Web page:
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Alfa Romeo 2021 Challenger: Tech Analysis

First McLaren, then AlphaTauri. Now, Alfa Romeo is the third team to present their car. Similar to AlphaTauri, the C41 has a cool-looking inverted livery. So how different is the C41 from last year’s C39?

Written by: Ive Bauk; Edited by: Daniel Yi & Susannah Peel

To start off, we have to inform you that Alfa Romeo changed their car even less than McLaren and AlphaTauri.

First, let’s take a look at the side view. The most visible change here is the redesigned shark fins which won’t really affect aerodynamics a whole lot. The 2017 shark fins were very influential as they created vortices and pointed the air towards the rear wing. However after regulation changes they were shrunk and now, despite still affecting air flow, the general effect is mostly cosmetic. Another very visible change is the thicker swan necks (marked in blue). Swan necks are simply pillars that attach the rear wing to the car body.

Now moving on to changes intended to significantly influence the Alfa Romeo’s drag, downforce quotient and airflow. Marked in red are small vortex generators missing from last year’s C39. We cannot confirm their exact purpose but can guess the Alfa Romeo designers added these winglets to optimise airflow towards the rear end of the car.

Many teams, especially Alfa Romeo, painted their bargeboards black and put them in shadow so other teams couldn’t copy them (*laughs in RP20*). As such, the only visible change to the bargeboard is the small winglets (marked in purple), probably used to suck in more air towards the bargeboards where they can create more downforce.

Next up is the rear area of the car. We pointed out the sidepod endplates (marked in yellow) as a great example of how teams are accelerating and directing air flow. By slotting air between the two plates, the air accelerates because it has to pass through a thinner area and the vortex generator stabilises and directs air flow.

As seen on the diffusers of the McLaren and AlphaTauri cars, they have been regulated and shortened (marked in white). These regulations reduce the dirty air created, but will also reduce rear downforce and increase drag. This is because the diffuser is used to assimilate airflow from underneath the floor with the area from behind the car.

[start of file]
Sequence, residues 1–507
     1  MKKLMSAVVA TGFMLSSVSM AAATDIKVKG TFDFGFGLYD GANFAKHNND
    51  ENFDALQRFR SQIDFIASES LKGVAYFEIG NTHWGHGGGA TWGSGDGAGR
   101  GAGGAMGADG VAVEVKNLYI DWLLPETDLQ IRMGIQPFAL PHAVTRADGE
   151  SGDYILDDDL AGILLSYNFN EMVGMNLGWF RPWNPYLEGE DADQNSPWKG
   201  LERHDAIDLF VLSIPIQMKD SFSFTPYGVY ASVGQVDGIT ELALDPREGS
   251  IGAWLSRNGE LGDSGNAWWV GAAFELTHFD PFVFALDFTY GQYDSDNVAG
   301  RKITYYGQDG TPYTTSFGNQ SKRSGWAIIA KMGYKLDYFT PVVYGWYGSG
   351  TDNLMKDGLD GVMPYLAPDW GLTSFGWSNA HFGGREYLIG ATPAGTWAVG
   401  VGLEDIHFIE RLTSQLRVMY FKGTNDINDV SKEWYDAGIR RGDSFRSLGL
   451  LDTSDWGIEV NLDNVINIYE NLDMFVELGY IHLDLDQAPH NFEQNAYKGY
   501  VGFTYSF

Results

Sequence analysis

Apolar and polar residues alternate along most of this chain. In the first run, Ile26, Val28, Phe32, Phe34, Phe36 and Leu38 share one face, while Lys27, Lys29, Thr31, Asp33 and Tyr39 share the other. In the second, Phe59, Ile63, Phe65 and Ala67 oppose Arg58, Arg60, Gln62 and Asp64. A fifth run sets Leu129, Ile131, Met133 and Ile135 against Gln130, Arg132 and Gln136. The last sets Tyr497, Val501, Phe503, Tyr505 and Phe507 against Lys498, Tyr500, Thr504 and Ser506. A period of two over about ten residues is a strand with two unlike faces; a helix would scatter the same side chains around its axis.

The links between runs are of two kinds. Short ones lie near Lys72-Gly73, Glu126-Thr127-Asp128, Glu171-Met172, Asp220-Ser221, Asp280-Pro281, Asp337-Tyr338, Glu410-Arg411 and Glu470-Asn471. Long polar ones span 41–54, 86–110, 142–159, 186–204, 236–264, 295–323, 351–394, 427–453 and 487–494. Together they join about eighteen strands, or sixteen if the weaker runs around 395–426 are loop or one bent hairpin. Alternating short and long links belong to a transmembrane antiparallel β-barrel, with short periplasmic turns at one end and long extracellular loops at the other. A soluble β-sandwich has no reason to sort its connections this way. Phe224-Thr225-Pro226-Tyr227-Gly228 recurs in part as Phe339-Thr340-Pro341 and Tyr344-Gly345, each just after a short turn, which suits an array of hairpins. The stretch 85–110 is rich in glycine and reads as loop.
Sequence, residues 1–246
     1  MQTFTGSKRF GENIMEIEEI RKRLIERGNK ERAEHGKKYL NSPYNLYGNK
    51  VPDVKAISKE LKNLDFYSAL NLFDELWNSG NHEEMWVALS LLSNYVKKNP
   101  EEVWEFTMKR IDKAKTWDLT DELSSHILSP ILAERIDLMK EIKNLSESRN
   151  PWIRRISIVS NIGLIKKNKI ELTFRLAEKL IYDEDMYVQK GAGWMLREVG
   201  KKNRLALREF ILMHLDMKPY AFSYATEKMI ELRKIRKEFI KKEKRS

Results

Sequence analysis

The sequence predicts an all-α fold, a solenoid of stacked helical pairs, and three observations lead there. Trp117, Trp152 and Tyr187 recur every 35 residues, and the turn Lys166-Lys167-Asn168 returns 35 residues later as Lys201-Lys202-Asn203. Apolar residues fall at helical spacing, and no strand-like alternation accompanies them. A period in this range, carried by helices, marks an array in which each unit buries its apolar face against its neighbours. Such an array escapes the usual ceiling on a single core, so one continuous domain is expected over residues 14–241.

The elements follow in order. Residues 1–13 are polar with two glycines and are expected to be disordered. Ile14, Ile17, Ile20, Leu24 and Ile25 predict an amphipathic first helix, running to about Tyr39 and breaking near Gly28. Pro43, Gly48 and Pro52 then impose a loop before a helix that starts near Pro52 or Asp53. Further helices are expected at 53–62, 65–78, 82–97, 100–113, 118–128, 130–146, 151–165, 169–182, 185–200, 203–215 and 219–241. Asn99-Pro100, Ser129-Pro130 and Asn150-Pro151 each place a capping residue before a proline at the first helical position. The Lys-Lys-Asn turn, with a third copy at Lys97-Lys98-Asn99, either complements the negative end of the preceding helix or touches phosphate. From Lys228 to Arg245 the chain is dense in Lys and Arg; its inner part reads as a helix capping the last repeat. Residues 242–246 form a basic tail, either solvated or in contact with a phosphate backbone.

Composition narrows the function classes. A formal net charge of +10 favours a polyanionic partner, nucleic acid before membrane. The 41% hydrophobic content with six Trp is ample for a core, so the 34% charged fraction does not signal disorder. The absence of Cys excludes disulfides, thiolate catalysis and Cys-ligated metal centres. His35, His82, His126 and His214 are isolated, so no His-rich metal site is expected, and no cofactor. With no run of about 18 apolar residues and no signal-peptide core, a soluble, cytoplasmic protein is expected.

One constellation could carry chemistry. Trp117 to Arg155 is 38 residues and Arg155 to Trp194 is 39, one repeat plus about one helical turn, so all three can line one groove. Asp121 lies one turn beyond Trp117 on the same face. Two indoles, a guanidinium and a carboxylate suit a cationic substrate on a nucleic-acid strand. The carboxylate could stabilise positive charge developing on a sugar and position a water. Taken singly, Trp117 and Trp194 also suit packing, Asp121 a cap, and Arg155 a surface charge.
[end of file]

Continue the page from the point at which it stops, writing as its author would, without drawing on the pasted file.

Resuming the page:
We also marked Alfa’s characteristic slots on the rear wing. Those slots haven’t changed since last year, but we saw reason to mention them as Alfa Romeo always designs them differently to the rest of the F1 teams.

So on the lower part of the rear wing, the C41 has those long strips — also used to accelerate air — and upper slots, the conventional shafts which assimilate air pressure on both sides of the wing. If not for those shafts, the amount of turbulence created off the rear wing would decrease the air pressure and therefore increase drag immensely.

And finally, we are analysing the front end of the car where Alfa Romeo spent both tokens. The red lines indicate the narrow nose finally implemented by Alfa Romeo, making them one of the last teams to incorporate it — although the nose is still pretty wide compared to Mercedes and Red Bull. Wide noses will actually create even more downforce at high speeds due to the low pressure area underneath the wing. However, at low speeds and while turning, it does not direct air flow towards the bargeboard and thus reduces air pressure all over the car.

The tip of the nose has undergone major aerodynamic changes and improvements. The ‘Darth Vader’ style is gone, but Alfa Romeo still kept their characteristic nostril which guides air through the nose of the car.

Alfa Romeo also redesigned their front brake ducts (marked in pink) with sharper edges, to be used as vortex generators.

The flaps and winglets on the bargeboard (marked in brown) remain much the same, just like the boomerang wing and flaps connected to it.

The front wing still has an extreme outwash effect; the team added even more outwash this season by increasing the angle. Plus the small holes indicated by the blue lines were quite possibly introduced to bring more air into the wind tunnel areas.

That’s the full breakdown of the Alfa Romeo C41.

To know more about Alfa Romeo Driver Kimi Räikkönen click here


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